Example of a Business Plan for a Small Business

Source: http://smallbusiness.chron.com/example-business-plan-small-business-39504.html

by Glenda Taylor Google

Writing a good business plan is more than just jotting down goals for your new business and estimating how much money you’ll make. Developing a business plan is like test-driving a new car; when you know what’s under the hood, how the car handles around corners and how quickly it accelerates, you can make an informed purchase. Your business plan serves the same purpose; it identifies your market, analyzes the industry and factors in probable costs and profits.

Writing the Plan

Keep it brief, keep it truthful and back up your logic with figures. Clarity is the key to writing your plan. Use everyday language and outline your plan, grouping similar ideas under the same headings. Edit your draft to remove all extraneous comments. A banker or investor doesn’t have time to wade through lengthy explanations. Keep only the essential information and include numbers and statistics.

Business Plan Layout

The business plan layout should visually draw the reader’s attention. Separate the information into categories with clear headings. You can add categories depending on the type of business you’re starting, but standard business plan headings include Objectives, Market Analysis, Industry Predictions, Experience and Knowledge, Customer Benefit, Operations, Short and Long-Term Goals and Financing. If you’re writing a plan for a business expansion, include Business History in one section.

Objectives and Market Analysis

The backbone of a business plan starts with the business owner’s objectives and the potential success of the business based on current and future market analysis. Your market is the group of customers that are likely to purchase your goods and services. Include figures or charts that illustrate recent market trends, economic forecasts, regional demographics, regulations and any other substantial factor that is likely to affect the market for your product or service.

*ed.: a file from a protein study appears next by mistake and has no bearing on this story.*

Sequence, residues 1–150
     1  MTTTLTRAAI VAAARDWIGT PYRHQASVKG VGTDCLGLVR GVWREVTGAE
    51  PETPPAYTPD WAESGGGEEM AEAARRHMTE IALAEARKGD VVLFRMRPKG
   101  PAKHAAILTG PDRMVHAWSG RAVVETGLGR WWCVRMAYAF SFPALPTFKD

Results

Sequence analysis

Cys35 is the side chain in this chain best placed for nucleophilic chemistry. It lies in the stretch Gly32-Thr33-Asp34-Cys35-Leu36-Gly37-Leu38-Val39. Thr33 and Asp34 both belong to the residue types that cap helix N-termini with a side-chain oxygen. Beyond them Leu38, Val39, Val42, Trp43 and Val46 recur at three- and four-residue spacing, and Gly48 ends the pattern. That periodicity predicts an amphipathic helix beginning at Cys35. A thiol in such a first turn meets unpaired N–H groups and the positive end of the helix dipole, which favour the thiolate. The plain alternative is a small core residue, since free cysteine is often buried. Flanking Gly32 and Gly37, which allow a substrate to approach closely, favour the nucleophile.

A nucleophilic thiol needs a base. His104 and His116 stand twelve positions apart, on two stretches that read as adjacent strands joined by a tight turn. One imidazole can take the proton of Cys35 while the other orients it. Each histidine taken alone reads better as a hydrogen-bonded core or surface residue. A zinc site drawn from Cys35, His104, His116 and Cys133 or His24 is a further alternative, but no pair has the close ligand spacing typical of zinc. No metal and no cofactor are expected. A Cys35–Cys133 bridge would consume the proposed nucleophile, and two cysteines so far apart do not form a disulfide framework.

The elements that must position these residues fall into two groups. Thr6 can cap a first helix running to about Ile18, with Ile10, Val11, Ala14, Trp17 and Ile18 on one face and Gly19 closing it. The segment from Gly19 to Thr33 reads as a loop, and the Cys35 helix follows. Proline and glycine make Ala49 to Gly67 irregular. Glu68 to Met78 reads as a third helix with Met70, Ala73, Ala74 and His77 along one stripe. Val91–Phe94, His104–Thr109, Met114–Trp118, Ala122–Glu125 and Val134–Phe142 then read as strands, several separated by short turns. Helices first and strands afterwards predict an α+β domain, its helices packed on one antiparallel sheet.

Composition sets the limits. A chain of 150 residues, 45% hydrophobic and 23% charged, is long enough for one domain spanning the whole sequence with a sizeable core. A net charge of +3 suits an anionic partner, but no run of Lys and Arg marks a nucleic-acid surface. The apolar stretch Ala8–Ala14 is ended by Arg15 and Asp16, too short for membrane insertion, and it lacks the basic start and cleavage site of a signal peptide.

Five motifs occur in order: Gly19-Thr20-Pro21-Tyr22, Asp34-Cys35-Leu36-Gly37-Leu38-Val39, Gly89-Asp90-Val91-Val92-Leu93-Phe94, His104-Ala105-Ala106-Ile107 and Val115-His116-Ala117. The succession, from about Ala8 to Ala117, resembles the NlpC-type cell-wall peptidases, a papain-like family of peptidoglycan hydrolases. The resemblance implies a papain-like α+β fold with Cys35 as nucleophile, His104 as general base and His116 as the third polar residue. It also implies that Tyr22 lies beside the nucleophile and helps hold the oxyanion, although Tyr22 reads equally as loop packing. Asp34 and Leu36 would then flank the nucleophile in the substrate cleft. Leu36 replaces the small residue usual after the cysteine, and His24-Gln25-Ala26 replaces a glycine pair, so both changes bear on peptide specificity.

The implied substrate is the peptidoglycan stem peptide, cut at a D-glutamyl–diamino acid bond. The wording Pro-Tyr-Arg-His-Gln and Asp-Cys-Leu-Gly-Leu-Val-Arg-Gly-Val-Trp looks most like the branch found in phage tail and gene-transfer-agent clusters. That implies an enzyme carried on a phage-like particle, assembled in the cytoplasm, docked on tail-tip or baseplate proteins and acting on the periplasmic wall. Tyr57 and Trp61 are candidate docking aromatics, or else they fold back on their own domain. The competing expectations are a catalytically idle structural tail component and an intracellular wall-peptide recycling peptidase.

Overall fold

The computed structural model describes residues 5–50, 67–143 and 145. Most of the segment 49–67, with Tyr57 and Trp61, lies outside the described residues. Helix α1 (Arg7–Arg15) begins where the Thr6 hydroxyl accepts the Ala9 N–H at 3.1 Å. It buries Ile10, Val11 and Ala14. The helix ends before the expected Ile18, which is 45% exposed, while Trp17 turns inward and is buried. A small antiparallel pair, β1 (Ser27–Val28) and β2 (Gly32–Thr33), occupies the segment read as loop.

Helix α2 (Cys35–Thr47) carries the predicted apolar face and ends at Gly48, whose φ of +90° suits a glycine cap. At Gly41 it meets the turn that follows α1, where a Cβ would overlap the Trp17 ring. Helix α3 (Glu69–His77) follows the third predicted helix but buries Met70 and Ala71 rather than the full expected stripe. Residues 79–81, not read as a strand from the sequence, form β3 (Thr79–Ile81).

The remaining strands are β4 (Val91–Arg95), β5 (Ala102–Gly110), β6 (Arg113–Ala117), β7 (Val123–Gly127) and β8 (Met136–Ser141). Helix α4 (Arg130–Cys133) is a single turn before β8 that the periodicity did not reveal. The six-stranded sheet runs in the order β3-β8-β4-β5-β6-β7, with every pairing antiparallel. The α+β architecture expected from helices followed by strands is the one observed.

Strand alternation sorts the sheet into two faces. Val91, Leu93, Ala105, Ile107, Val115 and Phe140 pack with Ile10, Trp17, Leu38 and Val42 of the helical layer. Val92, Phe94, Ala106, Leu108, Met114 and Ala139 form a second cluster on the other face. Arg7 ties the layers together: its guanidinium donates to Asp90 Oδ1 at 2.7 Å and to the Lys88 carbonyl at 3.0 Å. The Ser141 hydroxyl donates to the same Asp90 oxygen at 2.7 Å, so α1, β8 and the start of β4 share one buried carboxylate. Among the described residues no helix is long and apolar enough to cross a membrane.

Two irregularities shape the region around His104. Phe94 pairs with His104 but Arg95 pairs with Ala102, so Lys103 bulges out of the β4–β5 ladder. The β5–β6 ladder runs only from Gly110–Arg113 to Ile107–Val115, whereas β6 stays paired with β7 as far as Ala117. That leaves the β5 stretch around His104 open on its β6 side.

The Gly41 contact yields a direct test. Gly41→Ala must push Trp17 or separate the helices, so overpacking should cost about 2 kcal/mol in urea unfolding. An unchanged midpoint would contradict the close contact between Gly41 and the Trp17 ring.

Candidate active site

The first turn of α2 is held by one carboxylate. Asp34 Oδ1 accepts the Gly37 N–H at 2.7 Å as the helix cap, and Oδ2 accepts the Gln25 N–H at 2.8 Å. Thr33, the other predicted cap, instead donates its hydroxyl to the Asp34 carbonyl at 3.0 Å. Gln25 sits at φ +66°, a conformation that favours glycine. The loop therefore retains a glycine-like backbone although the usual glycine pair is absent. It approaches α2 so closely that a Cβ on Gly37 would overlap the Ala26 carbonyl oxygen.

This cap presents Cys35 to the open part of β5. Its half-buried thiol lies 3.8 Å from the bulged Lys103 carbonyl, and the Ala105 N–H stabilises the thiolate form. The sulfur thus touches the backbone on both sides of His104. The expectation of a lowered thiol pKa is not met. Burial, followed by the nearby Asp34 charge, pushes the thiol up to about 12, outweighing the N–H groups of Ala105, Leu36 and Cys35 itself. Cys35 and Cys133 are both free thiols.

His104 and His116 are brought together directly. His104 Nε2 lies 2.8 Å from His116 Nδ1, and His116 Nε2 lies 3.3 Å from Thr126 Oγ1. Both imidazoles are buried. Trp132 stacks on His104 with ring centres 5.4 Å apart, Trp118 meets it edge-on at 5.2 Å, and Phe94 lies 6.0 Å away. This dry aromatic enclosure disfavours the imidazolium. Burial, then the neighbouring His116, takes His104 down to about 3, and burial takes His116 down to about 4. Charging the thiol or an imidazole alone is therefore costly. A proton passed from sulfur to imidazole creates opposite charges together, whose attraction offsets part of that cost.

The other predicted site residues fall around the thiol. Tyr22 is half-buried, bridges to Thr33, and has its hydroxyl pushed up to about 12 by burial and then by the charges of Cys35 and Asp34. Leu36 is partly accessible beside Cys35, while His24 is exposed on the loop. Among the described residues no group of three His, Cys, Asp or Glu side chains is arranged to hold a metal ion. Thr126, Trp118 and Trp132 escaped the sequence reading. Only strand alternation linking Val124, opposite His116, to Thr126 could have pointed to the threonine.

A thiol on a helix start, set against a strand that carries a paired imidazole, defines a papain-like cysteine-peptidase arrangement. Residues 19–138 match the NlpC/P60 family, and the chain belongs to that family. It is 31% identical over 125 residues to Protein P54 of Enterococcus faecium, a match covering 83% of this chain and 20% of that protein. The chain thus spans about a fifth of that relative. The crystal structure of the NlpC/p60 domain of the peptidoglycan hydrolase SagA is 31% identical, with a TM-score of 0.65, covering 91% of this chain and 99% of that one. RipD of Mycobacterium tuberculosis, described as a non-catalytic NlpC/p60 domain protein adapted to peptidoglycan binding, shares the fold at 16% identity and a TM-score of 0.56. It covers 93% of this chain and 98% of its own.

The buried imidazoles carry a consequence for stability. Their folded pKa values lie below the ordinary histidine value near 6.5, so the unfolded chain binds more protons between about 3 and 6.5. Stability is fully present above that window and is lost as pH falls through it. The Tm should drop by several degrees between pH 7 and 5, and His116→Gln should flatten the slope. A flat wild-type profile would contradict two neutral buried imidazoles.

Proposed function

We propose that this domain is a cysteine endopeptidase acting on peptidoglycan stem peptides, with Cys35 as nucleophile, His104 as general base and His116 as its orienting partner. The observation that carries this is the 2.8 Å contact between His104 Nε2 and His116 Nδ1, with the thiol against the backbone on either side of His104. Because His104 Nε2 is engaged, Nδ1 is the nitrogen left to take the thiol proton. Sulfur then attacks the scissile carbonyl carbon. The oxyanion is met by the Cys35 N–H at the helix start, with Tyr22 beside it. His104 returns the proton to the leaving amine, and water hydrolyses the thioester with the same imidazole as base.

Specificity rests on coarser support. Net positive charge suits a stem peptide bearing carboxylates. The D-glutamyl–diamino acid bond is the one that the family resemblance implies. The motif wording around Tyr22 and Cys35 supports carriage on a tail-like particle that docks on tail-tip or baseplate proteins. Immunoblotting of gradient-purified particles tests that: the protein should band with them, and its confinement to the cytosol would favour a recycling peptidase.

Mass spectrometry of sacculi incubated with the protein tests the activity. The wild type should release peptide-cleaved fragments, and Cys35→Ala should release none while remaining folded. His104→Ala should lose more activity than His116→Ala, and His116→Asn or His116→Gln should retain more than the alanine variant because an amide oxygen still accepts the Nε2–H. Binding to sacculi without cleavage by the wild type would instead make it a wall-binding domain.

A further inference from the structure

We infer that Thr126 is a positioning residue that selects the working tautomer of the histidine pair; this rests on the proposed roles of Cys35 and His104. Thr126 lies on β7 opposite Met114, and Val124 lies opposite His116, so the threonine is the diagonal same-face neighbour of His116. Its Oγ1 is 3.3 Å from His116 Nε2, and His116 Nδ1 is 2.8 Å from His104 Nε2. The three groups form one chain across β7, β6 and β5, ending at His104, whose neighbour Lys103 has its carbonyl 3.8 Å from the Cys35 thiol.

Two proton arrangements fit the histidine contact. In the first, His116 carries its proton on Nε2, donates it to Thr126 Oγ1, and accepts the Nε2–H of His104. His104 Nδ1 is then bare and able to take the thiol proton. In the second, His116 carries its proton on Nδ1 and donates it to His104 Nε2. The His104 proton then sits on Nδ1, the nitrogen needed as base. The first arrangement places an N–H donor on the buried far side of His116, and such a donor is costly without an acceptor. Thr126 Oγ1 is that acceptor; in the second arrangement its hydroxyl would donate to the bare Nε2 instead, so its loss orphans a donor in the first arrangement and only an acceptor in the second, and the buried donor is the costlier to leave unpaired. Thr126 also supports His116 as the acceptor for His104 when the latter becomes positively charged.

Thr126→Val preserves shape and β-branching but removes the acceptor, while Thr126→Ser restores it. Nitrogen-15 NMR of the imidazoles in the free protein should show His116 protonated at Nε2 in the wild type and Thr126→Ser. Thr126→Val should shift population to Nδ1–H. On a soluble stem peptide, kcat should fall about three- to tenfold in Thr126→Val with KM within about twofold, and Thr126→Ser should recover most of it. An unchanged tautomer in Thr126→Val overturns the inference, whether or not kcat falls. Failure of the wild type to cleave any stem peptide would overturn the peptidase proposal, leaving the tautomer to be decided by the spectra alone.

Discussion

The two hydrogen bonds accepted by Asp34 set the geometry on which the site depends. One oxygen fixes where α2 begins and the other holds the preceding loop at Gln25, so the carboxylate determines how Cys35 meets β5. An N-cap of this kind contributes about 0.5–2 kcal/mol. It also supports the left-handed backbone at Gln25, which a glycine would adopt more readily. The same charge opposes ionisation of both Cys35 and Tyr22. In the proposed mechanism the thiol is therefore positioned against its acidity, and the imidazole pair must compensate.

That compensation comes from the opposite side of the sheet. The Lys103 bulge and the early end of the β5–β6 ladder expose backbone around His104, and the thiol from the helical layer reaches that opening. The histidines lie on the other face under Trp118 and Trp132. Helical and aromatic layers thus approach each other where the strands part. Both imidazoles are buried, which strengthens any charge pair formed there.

Industry Analysis

Your business objectives might be feasible, and your market analysis might show customer need, but an investor also wants to know about the industry as a whole. The Industry section of your business plan should list current competition and the likelihood of future competition. If you want to open a pharmacy in a small town that currently has no pharmacy, the competition in your industry is very different than if you want to open a pharmacy in a metropolis that already has a pharmacy on nearly every corner and additional branches in every supermarket. Your business must stand out. Maybe you offer free delivery or online ordering that will set you apart in the industry.


If you’re new to the business world, taking a small business management or accounting course is a valuable investment in the future of your business. The Service Corps of Retired Executives (SCORE) estimates that about seven out of every 10 new businesses that hire employees will survive two years, but only half will still be in business after five years. Beating those odds means understanding how to run a business. The Operations section of your business plan details management structure, employee training, communication, production or sales methods and office procedures. Explain your proposed bookkeeping, invoicing, debt collections and other procedures you intend to use.

Money Matters

Commercial lenders and venture capitalists want to see a comprehensive business plan before financing a small business startup or expansion. The Financing section of your business plan details how much capital you’re willing to invest, how much more money you need, and how you plan to spend that money over the course of your business. Include projected net profit, projected turnover, expected loan repayment rate and profitability expectations. Equity investors want to know if dividends are available, the rate at which you expect to realize profits and the distribution or reinvestment of those profits. Retaining a certified public accountant helps ease investor concerns over financial matters.

Verify and Document

At the end of your business plan, include appendices that back up your projections. Copies of demographics and statistics, applicable articles from the business section of a regional newspaper, copies of market research and photos or descriptions of the services or products you intend to sell are all valuable documentation. Include copies of templates and forms you intend to use for forecasting cash flow, results of test marking and samples of promotional brochures. If you’re seeking funds for business expansion, include a detailed history of your current business practices and growth.

About the Author

Glenda Taylor is a contractor and a full-time writer specializing in construction writing. She also enjoys writing business and finance, food and drink and pet-related articles. Her education includes marketing and a bachelor’s degree in journalism from the University of Kansas.

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